The following is the summary of a study on bicycle couriers by the Societede l'assurance automobile du Quebec from 1992. It was prepared in French.This is the only part I have in English. Once I get it translated I wilput the whole thing up.
Note that although the study comes out against licensing, once againit did not consult couriers. It did, however consult cyclists' associations,like they are experts on messengers.
Also note this was prepare by an automobile insurance group.
This document provides food for thought on the safety concerns involvingbike couriers based on the experience, opinions and perceptions of municipalauthorities in Montreal, Ottawa, Toronto, Vancouver, Seattle, New YorkCity and Washington, D.C. as well as of cyclists' associations in Canadaand the United States.
Consultations have brought to light the following points:
The safety of bike couriers is currently a concern to both municipalauthorities and to cycling activists; couriers are a reality that seemshere to stay in the downtown core of large cities on the North Americancontinent;
the safety aspect as it relates to this type of road user is littleknown, even ignored because of a lack of data of their involvement in accidentsand of reliable complaint records, hence the difficulty of taking stepsto alter the situation;
exposure factors to the risk of road accidents that characterize bikecouriers are related to the nature of their employment and the trafficenvironment: their age (18-25 years), sex (mostly males), employment status(mostly an contract, paid on a delivery or commission basis and workingfull time on the road), the purpose of their work (rapid delivery), theirarea of operation (business section with heavy vehicular traffic and numerouspedestrians, etc.);
typical risk behaviour of bike couriers consists above all in travelon sidewalks, riding against traffic on one-way streets and crossing againsta red light. There is nothing to indicate, however, that they act morerecklessly than other cyclists using the downtown core of a city wherevehicular and pedestrian traffic is heavy. It is reasonable to assume thattheir behaviour draws attention mainly because their clothing and bag (oftenbearing the company name or courier service logo) make them more visible;
the accident rates for bike couriers in Montreal show that they areoverrepresented in accident statistics for bicycle riders at large (sixtimes more likely than other riders), but which can easily be explainedby the distance the couriers cover and the amount of time they spend onthe road. Couriers probably have no more of a propensity far accidentsper kilometre travelled than other bicycle riders; the difference in mishaprates between the two groups might well be statistically insignificant.For that reason, caution is advised in imputing accident risk to couriersin order to justify specific intervention targeting this type of road user;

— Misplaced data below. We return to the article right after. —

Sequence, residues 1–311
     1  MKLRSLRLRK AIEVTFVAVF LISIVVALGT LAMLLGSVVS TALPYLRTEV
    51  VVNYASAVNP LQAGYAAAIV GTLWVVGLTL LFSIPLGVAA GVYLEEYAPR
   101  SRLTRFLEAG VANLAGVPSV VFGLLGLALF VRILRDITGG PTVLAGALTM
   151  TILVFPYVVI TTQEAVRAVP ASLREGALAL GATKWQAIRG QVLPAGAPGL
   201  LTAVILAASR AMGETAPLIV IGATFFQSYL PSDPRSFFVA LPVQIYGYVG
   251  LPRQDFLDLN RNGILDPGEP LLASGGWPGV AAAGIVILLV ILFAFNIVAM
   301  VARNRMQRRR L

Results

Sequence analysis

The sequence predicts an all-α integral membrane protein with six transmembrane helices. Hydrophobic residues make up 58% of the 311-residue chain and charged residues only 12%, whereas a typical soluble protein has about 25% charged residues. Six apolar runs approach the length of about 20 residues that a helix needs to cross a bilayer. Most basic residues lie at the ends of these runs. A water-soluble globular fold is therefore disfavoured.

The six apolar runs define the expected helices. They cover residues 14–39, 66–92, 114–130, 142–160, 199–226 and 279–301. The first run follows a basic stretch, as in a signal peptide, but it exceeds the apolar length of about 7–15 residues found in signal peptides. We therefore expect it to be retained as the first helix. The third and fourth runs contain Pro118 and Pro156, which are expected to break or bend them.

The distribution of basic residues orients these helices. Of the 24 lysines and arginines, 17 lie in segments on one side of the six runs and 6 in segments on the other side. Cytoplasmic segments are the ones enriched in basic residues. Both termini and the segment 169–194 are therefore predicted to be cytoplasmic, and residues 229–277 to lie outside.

provisions to create a legal framework that would structure the localactivities of bike couriers have either been put into place or are underdiscussion in cities such as Toronto, Vancouver, New York and WashingtonD.C., reflecting a willingness an the part of authorities and cyclists'associations to get a handle an the situation, whether or not a road safetyproblem has been rigorously identified. The aim is to track offenses bybike couriers and keep safety record statistics;
objections to special legal measures for bike couriers relate to thecost of implementing provisions intended for relatively few individualsand the difficulty of attributing safety gains to specific measures. Thepotential impact on the courier business is also a concern.
In summary, our conclusions are twofold:
1. Despite a certain lack of precise and specific statisticaldata, it seems that bike couriers do not have, per kilometre travelled,an accident rate above the average for all cyclists;
2. Whenever as necessary, it appears possible for a municipalityto control bike couriers as showed by the New York City experience.
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